The next three or four pages of Sawyer’s paper are then devoted to attacking monetarism. Well as far as I’m concerned that’s a waste of ink and paper. To repeat, full reserve (at least as advocated by the latter three authors) does not absolutely depend on the idea that the quantity of money is of crucial importance. Though frankly it would be a bit strange if the quantity of base money had NO EFFECT. Robert Mugabe demonstrated very convincingly that if a country prints ludicrously excessive amounts of money, hyperinflation is the result: a point which I imagine is obvious to the average ten year old, even ten year olds who have never picked up a book on economics.

Then on p.10-11 Sawyer explains, correctly, that under full reserve (at least as set out by the above three authors), the deficit is not known in advance. That’s because the CB doesn’t know in advance how much stimulus the economy will need in six months or a years time. And apparently that’s undesirable because it's “Not a recipe for the good management of public expenditure”.

Well the problem with that argument is that NO government or CB knows what’s going to happen in six months time or a year’s time or two year’s time. Thus it doesn’t matter much exactly what system you have for implementing stimulus: one thing’s for sure, and that’s that governments and CBs are often forced to make unforseen changes in spending, interest rates and so on.

You might as well criticise interest rate adjustments because they aren’t a “recipe” for easy forward planning for those thinking of borrowing with a view to making investments, e.g. those contemplating buying a house with the assistance of a mortgage.

Well that’s it. I’m not minded to read any more of this work by Sawyer. He hasn’t thought full reserve through in any detail.

But that is not to suggest I think all his output is poor quality. I liked this work of his which criticised “employer of last resort” or “job guarantee” as it is sometimes called.


  1. Hello Ralph.

    "The next three or four pages of Sawyer’s paper are then devoted to attacking monetarism."

    Have you seen this?

    1. I just had a quick skim thru that article, and thus may be doing the author an injustice, but I don’t think he’s got the distinction between private bank issued money and central bank issued money. As MMTers and Positive Money keep pointing out, the former nets to nothing, in that for every $ of money, there’s a $ of debt . In contrast, CB money is a NET ASSET as viewed by the private sector.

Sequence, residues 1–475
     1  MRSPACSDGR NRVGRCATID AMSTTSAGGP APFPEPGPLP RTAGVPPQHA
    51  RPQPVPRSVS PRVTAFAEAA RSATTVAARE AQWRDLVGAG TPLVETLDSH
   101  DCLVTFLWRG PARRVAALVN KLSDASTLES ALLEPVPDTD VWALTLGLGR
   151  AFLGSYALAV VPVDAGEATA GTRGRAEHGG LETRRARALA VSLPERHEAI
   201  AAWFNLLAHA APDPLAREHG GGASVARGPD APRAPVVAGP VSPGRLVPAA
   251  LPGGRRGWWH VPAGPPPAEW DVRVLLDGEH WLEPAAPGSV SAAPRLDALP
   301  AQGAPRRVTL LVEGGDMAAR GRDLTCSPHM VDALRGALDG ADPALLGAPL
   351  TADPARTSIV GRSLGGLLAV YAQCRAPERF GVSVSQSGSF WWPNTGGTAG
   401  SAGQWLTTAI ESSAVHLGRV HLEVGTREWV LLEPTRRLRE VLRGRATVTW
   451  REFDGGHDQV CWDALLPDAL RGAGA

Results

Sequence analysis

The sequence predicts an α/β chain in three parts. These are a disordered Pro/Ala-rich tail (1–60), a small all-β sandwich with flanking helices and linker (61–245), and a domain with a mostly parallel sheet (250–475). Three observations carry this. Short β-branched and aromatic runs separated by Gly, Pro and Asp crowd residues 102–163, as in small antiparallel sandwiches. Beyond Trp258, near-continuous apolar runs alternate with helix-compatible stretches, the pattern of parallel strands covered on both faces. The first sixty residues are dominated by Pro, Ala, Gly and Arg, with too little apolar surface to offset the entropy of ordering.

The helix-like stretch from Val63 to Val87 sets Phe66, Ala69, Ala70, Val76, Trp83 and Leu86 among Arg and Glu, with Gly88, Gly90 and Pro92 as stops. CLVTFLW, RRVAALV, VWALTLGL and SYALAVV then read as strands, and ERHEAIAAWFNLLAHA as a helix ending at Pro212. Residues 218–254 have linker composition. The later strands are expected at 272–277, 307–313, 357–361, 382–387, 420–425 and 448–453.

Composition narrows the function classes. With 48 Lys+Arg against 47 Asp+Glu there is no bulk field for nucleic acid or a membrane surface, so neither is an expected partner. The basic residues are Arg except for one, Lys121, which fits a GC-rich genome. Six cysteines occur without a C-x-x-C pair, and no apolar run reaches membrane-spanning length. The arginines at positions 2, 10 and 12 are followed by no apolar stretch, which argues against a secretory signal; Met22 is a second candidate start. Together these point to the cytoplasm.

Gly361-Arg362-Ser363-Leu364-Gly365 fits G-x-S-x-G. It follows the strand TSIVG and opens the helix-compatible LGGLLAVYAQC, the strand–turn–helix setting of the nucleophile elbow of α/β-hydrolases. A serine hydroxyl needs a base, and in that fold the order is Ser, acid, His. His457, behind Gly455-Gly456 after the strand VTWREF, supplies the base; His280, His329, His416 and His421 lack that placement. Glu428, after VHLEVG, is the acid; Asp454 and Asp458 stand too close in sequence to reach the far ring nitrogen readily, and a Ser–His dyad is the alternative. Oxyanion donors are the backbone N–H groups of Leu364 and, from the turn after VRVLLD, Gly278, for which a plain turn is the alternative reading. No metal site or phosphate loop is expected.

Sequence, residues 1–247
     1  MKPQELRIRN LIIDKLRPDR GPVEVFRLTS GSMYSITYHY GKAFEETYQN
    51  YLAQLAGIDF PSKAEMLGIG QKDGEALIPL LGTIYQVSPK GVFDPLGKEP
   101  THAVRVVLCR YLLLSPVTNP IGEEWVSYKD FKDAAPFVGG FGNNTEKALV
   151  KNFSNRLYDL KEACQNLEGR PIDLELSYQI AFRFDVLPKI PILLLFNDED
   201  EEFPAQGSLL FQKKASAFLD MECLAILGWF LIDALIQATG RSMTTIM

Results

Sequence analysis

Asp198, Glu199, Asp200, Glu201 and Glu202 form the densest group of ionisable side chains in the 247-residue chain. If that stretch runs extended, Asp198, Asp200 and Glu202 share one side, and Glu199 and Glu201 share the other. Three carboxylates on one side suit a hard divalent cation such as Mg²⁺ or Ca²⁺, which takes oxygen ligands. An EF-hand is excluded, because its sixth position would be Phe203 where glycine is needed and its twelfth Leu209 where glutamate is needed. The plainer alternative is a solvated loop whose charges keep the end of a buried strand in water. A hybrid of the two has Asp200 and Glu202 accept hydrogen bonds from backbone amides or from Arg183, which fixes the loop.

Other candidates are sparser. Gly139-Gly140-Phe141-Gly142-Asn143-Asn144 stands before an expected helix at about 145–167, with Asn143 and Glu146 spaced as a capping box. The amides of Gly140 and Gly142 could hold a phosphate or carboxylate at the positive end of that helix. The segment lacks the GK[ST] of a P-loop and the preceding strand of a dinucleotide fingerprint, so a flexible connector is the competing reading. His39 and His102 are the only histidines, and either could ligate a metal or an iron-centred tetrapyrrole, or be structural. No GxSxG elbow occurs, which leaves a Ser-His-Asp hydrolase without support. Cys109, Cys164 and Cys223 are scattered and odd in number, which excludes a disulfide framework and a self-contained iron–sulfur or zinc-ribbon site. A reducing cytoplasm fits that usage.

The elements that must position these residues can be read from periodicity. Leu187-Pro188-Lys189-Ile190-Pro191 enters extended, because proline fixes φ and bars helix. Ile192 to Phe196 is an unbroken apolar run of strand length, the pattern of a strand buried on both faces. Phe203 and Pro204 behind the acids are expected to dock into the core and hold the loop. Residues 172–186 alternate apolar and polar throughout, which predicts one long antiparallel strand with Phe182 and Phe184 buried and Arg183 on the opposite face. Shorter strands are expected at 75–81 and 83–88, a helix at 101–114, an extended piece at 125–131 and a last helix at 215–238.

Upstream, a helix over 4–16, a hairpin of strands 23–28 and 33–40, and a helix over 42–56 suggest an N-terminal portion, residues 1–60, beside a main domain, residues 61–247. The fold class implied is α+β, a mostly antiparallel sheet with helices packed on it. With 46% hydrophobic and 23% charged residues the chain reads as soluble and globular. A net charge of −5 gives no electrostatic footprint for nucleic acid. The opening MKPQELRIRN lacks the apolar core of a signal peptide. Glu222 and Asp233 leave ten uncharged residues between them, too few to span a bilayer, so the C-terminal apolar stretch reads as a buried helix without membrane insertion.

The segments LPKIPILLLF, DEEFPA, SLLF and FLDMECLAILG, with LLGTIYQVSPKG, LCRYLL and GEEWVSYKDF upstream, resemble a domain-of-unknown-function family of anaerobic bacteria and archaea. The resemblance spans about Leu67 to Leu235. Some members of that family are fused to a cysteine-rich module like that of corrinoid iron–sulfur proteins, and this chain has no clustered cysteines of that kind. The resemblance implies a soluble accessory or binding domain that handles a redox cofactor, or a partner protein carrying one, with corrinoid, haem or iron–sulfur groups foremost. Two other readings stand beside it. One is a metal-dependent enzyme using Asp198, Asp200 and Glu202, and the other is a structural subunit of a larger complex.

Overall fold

That article just deals with privately issued money, and what he says may be right. However, Friedman advocated an annual increase in CB issued money (base money). That’s a different kettle of fish.

  2. Sawyer's paper does indeed degenerate into a muddle about monetarism. However, he has some excuse for these confusions.

    It is very unfortunate that several advocates of Full Reserve banking (FRB) have linked FRB to control of the money supply. The worst examples are Friedman in 1948 and Positive Money (PM) in the 2010 paper referenced in Ralph's article above.

    Friedman advocated FRB as a key part of his proposals for control of money supply. He claimed that increasing the money supply at a steady rate could achieve stable economic growth without inflation.

    Similarly, PM argues that:
    -- "the Bank of England would still be aiming to meet a pre-determined inflation target"
    -- "A Stable Money Supply Leads to a Stable Economy"
    -- "the Bank of England would be able to directly control the quantity of money in circulation".
    --"the central bank could allow interest rates to be set by market forces."
    Moreover, going beyond Friedman, PM argue that a new Bank of England "Money Creation Committee" should be instituted to fix the money supply.

    This focus on discredited monetarist policies is unnecessary and detracts from the primary purpose of FRB. In my view, the primary aim of FRB is to improve the stability of the banking system without any need for state assistance (subsidies) such as deposit insurance, lender-of-last resort facilities and bail-outs.

    FRB could be implemented much more simply and without raising irrelevant bitter controversies about monetarist macroeconomics if there were:
    -- No change in institutional/constitutional relationships between the BoE, Government and Parliament regarding the determination of fiscal policy. PM's proposal for a "Money Creation Committee" is irrelevant to the case for FRB.
    -- The ideas of Friedman and PM on controlling the money supply should be rejected. FRB requires no radical change in the conduct of monetary and fiscal policies.
    In particular, the BoE could continue the set and pursue a target interest rate as today, WITHOUT ANY TARGET FOR THE MONEY SUPPLY.

    1. KK,